[00:28:48] Tee: Definitely. That whole-person wellness approach can have such a powerful impact in one’s life for eternity. It is not just a right now, this is a forever. Being able to offer that to individuals can be very inspiring. We talked about really promoting this whole-person wellness. From both of your hats, Nicole, what are your hopes for graduates in regards to the relationship with their bodies, and nutrition, and/or movement?

[00:29:37] Nicole: Oh, man, that’s a good one. I know what we’re doing now with this curriculum that we’ve brought in from Leah’s Pantry and these changes that we’ve made into our actual physical pantry are going to be so incredibly important for these women, along with being more trauma-informed and asking those questions in the curriculum about your relationship with food, because as women, a lot of us struggle with that relationship with food. For me, personally, it’s my most unhealthy relationship, and sometimes that was modeled at home.

I think that what we’re doing now, moving forward, is really going to be therapeutic for our families. They’re going to be able to be asked the question and get to answer that, and have that light bulb moment in that, “Oh, wow, this is why I do that,” and be able to have the support and the resources to make those changes in a safe environment for a substantial amount of time to build habits so that when they go on, they can change, not only how they feel about their body and their food, and their mental health, change the way that their daughters are going to look at that as well, and their sons.

I’m proud of what we’re doing here. As a former participant and as a staff member, I’m so excited for all the families who get to come in and experience this new stuff that we’re doing, implement that into their life every day. It just makes me happy.

[00:31:18] Tee: Well, you two have definitely done a brilliant job on really shedding light on the importance of community, transparency, and really that compassion, and meeting individuals where they’re at.


[00:31:57] Tee: I have one last question for you.

[00:32:00] Nicole: Hit us.

[00:32:01] Maggie: Let’s hear it.

[00:32:01] Tee: Okay, here we go. What do you stock in your pantry figuratively or literally?

[00:32:08] Nicole: Lots of hot chips because I have a 13-year-old, so literally lots of hot chips. It’s so funny because my kid is completely different than me when it comes to what we have in the house. I know that we definitely have to have those little pizzas, in the same sense, we have lots of sweet bell peppers and cream cheese. I think it’s a trade-off in our house. Then I’ve jumped on OLIPOP train. I don’t know if you’ve had one of those but try it.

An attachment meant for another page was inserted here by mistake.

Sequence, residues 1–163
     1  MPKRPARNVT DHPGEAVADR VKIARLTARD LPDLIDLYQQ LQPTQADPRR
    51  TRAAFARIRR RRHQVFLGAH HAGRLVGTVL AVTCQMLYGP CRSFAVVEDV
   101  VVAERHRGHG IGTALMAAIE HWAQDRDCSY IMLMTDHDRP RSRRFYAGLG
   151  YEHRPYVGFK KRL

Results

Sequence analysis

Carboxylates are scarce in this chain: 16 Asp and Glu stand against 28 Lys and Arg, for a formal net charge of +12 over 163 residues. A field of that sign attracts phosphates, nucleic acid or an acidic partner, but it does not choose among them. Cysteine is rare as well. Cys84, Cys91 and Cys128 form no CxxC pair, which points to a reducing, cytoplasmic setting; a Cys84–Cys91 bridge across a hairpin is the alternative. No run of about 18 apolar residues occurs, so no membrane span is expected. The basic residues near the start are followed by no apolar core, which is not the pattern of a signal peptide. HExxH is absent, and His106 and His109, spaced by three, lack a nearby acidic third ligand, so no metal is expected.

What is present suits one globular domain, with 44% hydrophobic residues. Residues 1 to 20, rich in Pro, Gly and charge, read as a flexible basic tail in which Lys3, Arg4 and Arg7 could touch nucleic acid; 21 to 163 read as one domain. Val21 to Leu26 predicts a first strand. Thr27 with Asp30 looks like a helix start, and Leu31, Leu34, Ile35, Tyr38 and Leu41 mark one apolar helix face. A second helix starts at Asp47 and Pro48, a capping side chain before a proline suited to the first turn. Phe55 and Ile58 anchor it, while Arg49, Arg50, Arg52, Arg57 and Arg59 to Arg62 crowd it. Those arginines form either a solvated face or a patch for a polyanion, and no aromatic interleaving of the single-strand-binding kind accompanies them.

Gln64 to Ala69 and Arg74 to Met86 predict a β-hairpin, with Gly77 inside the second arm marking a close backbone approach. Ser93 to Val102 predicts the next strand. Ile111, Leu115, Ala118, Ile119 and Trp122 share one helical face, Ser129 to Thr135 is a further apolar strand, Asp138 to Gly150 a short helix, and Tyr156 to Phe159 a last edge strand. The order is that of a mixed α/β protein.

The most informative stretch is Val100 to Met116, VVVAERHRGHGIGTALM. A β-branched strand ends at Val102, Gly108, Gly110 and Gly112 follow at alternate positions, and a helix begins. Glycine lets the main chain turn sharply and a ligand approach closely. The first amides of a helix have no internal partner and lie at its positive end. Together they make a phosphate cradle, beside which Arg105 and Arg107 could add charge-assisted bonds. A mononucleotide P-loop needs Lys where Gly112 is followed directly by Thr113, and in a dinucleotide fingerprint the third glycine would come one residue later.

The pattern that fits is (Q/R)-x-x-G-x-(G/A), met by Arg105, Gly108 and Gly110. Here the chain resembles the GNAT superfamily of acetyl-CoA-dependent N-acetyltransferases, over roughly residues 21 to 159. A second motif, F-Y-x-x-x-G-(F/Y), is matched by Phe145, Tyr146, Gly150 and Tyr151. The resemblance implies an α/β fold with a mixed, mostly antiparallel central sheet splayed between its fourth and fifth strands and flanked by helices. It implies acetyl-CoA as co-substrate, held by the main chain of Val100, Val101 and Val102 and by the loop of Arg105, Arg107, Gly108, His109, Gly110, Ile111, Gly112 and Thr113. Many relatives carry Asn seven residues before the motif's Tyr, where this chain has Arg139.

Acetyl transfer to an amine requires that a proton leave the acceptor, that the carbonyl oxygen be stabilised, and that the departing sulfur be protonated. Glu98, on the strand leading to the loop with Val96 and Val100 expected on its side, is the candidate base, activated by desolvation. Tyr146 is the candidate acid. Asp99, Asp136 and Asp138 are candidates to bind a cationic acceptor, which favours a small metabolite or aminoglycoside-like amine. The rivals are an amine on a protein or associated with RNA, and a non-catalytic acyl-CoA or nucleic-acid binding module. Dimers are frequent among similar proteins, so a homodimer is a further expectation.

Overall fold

[00:32:42] Tee: No. What’s that? What’s OLIPOP?

[00:32:43] Nicole: It’s a prebiotic soda pop. It’s so good. Give it a shot.

[00:32:47] Tee: Really? Okay. I’ll definitely have to check that one out.

[00:32:51] Maggie: I stock my pantry with the most basic food items because I hate to admit I’m a terrible cook. The simple dishes are the most popular dishes in my household. That cooking class we hosted, I told my partner and he was like, “They know you can’t cook, right?” [chuckles] I said, “It’s more of an assembly class,” and he was like, “Okay, well, good luck.” [laughs] Basic food thing, but I think it’s so cool that Nicole and I, we try to do this, I try to do this as well because we try to model that.

I’m putting together a grocery list. I’m trying to make healthier choices because it’s become a priority here for our families at Lindsey House. When we can find things that we have in common, I like to say, “This is what I buy at the grocery store. This is what I cook when I’m too tired to think about anything else.” That’s usually what my pantry is stocked with or things that I can make without having to think too hard about it.